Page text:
Christians in Indonesia's Maluku islands fear extermination

Monday, July 31, 2000

31 July 2000 (Newsroom) -- Christians in Indonesia's Maluku islands say their community remains under threat of extermination by thousands of trained Jihad troops that have entered the region since May.

The Laskar Jihad, or Banner of Holy War, command announced over loudspeakers in the provincial capital of Ambon that it will kill all Christians who remain in the city after July 31, according to reports by church leaders given to the U.S. Southern Baptist Church mission board.

A prominent churchwoman who declined to be named for fear of reprisal told Ecumenical News International that "Jihad groups sent from outside" are wiping out the region's Christian community. The fighters are preparing lists of Christian leaders for "elimination," she said. "We are still confused, including ordinary Muslims, and ask why this is happening," the woman said during a meeting of the executive committee of the World Alliance of Reformed Churches in Bangalore, India.

According to news reports, the Christian village of Waai on Ambon island was attacked over the weekend for a second time. A spokesman from the Maranatha church in Ambon city said at least one man was killed, the Australian Broadcasting Corporation reported. An attack earlier in July destroyed hundreds of houses, leaving only about a dozen standing. Waai is on the eastern coast of the island, about 25 miles northeast of Ambon city.

About 90 percent of the Christians in Ambon have fled amid continuing mortar fire and bomb attacks, the Baptists said. More than 15,000 refugees are waiting along the piers of Halong naval base to board any ship leaving Ambon. Many more await transport at other seaside areas under Christian control. This is the rainy season in Ambon, and the refugees are "wet, hungry, inadequately clothed, suffering from all kinds of illnesses, and intimidated in their spirits," the Baptists said.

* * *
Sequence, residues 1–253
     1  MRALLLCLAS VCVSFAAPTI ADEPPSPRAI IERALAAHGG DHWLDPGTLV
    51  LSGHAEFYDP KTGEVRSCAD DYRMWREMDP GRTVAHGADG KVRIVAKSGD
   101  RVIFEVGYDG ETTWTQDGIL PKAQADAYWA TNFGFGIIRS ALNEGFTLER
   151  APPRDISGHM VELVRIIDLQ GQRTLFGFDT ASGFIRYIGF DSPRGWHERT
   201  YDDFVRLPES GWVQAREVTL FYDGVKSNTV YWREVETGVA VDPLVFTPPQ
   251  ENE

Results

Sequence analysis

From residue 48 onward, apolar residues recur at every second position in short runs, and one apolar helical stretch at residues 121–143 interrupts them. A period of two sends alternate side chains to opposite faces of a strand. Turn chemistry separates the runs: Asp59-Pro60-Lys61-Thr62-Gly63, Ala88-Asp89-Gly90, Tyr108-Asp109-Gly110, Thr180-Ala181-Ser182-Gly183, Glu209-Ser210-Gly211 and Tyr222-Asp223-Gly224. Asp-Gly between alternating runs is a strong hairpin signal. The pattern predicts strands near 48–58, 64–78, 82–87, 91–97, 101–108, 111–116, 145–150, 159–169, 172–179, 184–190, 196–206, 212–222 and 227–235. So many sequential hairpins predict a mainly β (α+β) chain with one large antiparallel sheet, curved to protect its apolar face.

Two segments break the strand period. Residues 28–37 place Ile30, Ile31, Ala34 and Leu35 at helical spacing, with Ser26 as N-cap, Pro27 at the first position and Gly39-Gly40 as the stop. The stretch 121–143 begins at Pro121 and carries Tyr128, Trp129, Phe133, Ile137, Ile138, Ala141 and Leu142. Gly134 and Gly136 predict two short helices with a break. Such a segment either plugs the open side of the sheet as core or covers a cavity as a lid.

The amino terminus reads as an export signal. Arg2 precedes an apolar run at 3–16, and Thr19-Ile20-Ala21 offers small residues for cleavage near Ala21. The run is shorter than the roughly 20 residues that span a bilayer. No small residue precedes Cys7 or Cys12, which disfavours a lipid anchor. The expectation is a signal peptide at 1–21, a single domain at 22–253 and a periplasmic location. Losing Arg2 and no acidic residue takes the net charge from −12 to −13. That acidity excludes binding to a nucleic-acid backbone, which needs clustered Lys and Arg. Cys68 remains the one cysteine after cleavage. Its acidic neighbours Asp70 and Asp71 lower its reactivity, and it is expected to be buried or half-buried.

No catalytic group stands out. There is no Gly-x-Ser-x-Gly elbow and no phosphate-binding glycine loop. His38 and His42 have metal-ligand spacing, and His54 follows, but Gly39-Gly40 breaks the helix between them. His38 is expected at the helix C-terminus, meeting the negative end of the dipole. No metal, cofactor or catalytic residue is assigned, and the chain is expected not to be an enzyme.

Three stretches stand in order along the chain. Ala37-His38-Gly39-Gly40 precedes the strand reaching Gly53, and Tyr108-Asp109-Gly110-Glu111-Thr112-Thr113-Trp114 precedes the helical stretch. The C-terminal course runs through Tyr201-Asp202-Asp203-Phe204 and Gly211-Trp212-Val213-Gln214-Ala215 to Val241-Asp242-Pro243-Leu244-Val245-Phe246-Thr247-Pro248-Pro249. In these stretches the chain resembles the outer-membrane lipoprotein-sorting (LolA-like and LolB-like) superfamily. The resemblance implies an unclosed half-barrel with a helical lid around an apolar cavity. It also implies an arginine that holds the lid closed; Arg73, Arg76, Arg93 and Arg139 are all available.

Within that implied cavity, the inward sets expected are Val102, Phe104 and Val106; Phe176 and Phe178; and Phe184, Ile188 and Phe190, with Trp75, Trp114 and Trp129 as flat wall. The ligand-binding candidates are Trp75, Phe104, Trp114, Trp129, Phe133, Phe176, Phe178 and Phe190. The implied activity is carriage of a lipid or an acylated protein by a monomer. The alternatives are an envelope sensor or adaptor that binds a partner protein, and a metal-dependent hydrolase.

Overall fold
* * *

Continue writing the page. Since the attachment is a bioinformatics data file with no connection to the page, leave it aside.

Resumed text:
On Sunday authorities in the far eastern Indonesian province of Irian Jaya impounded a ferry carrying more than 1,000 refugees fleeing the Maluku islands. Passengers with no identity documents have been barred from landing, and the ship will remain anchored at sea until the central Indonesia government decides what to do with them. Local authorities say they are waiting for Jakarta to outline its plans for the hundreds of thousands of refugees that have fled the Malukus for other parts of Indonesia.

U.S. Secretary of State Madeleine Albright promised Saturday to try to help Indonesia end the Maluku conflict. After a meeting in Bangkok with Indonesian Foreign Minister Alwi Shihab, Albright told reporters that the minister "talked about the importance of trying to get some of the troublemakers out of there, and we said that we would look at how the international community could be of assistance.''

A delegation of church leaders from Maluku recently traveled to Europe to plead for foreign intervention. In a written appeal to the presidency of the European Union, the Moluccan church leaders claimed that since January 1999 more than 4,000 people have been killed and 350,000 displaced in the conflict.

The Uniting Church in Australia, which has partner churches in the Maluku region, has called on Indonesia to invite the United Nations to "facilitate the evacuation of victims of violence in the Maluku islands to safe havens" and "participate in the restoration of law and order and the reconciliation of warring factions."

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